Angela Merkel was just chosen as Time’s Person of the Year for 2015. In their headline, Time described her as the “Chancellor of the Free World.” Which means it is timely to look at how German is playing an increasing role in international politics, business, and culture.
Many people know speaking a second language is valuable to your career. But how much is it worth? Back in 2002, Albert Saiz and Elena Zoido of Harvard University produced a working paper, Returns to Speaking a Second Language. In this paper, they were able to show the annual return for speaking a second language was about 2% of your overall salary. While that may not seem like a lot, compounded over a lifetime it makes quite a difference.
Plus, while speaking “any” second language was worth on average of a 2% premium, the specific language made quite a difference. Returns were only 1.5% for Spanish and French was worth 2.3% annually. Learning German, though, meant a difference of 3.8% — nearly twice as much annually as the average foreign language. For a lifetime earning, compounded, it meant learning German was worth over $128,000 for a career.
The disparity stems from the laws of supply and demand. There are nearly 400 million people worldwide who speak Spanish natively, and 89.5 million Spanish L2 users (speak Spanish as a second language). Whereas with German, there are 90-95 million native speakers, and only 10-15 million German L2 users.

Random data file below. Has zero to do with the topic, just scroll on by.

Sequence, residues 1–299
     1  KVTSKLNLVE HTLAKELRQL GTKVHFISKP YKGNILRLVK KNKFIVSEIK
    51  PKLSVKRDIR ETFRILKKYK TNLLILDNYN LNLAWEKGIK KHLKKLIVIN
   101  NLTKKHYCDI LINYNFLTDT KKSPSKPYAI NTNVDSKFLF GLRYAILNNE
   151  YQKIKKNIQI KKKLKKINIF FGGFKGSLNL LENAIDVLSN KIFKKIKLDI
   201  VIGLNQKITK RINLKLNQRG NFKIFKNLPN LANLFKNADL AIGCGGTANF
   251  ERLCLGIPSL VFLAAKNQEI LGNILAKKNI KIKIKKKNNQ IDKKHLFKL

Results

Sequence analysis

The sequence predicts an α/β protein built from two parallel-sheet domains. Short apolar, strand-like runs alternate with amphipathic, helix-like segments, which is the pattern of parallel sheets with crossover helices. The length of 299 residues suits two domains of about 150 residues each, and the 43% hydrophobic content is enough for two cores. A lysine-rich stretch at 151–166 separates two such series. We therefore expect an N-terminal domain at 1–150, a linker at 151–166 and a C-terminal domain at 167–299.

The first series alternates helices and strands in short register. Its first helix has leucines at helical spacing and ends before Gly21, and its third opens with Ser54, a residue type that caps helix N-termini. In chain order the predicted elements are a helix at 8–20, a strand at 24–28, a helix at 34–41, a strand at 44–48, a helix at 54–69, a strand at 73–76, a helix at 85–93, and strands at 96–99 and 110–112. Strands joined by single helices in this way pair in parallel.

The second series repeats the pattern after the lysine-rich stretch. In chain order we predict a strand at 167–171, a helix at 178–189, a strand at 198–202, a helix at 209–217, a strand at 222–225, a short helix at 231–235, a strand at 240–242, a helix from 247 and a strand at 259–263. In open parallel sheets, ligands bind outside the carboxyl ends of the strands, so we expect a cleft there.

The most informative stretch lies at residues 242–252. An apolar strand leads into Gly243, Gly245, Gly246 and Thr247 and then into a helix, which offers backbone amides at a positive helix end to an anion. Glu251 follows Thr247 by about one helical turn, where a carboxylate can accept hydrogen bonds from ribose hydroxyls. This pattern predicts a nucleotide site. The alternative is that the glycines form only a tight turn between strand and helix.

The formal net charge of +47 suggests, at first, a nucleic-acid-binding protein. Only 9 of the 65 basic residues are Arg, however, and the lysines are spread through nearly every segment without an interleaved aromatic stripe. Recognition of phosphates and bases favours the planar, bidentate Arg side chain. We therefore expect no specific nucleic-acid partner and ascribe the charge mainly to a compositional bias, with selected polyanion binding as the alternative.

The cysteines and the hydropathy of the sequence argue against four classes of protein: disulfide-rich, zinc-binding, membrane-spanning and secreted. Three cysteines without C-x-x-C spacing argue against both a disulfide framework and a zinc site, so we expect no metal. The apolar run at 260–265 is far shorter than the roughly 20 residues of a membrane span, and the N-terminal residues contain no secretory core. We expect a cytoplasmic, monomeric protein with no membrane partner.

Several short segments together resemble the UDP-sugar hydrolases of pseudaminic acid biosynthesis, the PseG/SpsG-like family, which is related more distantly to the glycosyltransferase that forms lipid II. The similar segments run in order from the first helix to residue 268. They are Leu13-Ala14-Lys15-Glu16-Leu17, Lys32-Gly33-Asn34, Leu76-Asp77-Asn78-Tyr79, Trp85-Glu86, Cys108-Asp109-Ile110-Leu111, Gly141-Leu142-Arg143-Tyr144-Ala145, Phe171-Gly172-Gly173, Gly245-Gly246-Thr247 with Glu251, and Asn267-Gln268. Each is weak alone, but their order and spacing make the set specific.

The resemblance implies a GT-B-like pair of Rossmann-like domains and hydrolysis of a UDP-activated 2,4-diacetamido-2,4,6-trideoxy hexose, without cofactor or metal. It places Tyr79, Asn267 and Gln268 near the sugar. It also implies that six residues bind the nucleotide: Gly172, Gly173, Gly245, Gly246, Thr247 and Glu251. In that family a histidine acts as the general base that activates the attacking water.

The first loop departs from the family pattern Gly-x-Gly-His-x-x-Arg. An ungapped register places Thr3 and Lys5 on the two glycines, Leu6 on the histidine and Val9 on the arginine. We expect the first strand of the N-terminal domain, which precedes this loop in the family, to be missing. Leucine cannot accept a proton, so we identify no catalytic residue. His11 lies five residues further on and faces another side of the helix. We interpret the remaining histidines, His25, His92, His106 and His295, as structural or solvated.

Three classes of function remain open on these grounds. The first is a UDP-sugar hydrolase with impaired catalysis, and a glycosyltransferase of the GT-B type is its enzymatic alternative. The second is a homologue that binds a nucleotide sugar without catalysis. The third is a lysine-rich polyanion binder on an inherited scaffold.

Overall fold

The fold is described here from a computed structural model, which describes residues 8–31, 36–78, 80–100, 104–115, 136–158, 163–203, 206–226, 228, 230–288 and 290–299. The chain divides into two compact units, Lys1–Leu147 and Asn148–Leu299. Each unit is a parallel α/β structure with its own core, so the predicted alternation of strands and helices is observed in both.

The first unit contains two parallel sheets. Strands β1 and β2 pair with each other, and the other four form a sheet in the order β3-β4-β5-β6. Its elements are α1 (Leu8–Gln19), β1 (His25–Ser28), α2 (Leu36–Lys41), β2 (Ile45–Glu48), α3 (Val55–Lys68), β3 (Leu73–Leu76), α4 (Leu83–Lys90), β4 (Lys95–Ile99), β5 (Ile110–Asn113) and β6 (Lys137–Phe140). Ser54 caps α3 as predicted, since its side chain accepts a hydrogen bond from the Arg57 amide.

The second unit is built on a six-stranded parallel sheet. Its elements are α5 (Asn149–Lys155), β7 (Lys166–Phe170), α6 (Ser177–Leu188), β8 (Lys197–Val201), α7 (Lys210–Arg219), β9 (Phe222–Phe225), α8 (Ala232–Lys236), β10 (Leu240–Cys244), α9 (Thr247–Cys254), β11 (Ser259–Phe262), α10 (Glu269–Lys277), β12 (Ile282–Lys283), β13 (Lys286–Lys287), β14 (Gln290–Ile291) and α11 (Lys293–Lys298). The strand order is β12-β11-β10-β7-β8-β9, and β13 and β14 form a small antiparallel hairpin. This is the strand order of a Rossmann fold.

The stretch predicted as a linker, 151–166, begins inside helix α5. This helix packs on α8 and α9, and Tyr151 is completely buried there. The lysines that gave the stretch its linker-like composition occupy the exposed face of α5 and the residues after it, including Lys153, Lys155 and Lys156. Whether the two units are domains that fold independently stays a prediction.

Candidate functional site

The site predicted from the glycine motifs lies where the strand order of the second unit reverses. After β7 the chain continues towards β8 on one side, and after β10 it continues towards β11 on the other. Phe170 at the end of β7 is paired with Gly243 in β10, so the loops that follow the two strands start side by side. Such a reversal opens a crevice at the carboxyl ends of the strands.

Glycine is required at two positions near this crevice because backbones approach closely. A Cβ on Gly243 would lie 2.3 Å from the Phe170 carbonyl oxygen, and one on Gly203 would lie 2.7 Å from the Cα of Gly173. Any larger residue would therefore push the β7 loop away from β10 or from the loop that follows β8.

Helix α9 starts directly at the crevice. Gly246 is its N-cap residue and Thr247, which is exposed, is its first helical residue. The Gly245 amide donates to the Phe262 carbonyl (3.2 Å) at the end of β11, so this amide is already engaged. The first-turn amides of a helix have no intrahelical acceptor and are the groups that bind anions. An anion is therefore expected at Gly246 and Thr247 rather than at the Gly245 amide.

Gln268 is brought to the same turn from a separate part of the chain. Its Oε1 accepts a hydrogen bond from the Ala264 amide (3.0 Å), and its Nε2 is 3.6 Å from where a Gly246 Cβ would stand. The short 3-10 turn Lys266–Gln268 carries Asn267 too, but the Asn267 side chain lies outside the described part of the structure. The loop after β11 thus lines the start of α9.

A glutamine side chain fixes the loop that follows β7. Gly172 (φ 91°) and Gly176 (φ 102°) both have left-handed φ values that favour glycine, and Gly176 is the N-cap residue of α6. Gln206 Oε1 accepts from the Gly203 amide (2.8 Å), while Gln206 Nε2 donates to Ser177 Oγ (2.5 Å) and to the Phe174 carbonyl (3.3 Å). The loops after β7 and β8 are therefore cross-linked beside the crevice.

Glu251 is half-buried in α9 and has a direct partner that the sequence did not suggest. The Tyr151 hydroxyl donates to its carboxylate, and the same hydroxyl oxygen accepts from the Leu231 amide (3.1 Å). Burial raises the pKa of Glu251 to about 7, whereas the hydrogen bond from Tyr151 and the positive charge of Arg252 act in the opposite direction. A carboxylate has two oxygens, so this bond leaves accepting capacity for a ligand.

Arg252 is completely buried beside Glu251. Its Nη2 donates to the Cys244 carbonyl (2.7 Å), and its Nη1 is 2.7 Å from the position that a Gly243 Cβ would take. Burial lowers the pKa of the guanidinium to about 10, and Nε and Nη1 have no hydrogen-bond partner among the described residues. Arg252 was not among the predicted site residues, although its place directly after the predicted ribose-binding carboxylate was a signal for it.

This rarity of second-language German speakers, combined with the power of the German economy in modern Europe, means there is a premium to learning this language when entering international business. There is also an inherent advantage for German speakers who are fluent in other international languages.
For the EU, which has a total population of about 503 million inhabitants, Germany’s 81 million represents about a sixth of the overall union. Its economy is even stronger, representing about 20% of the total GDP of the EU.
By comparison, California has a population of about 39 million out of 319 million total U.S. population, representing about 12% of America’s population and 13% of U.S. GDP.
If you are interested in learning more about the German economy, its best to learn the native German term for “economy:” Wirtschaft. This word derives from two roots: Wirt (“host” or “caretaker”) + shaft (“-ship,” as in a state of being). This connotes the state of being a mindful manager of funds, such as a steward or trustee. It is the functional equivalent of the English word economy, which stems from the Greek origin oikonomos: oikos (“house”) + nomos (“managing”) , or “steward”).
In French, the equivalent word is économie. In Spanish, economía. Even Dutch uses economie. You can see the German root-words of Wirtschaft are quite different from modern English and other languages that derive from the original Greek. This difference in Germanic roots is what often trips up people used to speaking other Romance languages.
One last note: the original Greek is also borrowed directly into modern German, but is used to name the study of economy; e.g.,”economics:” Ökonomie.
Now that you know all of this, you are now ready to make German your “language of the year” for localization!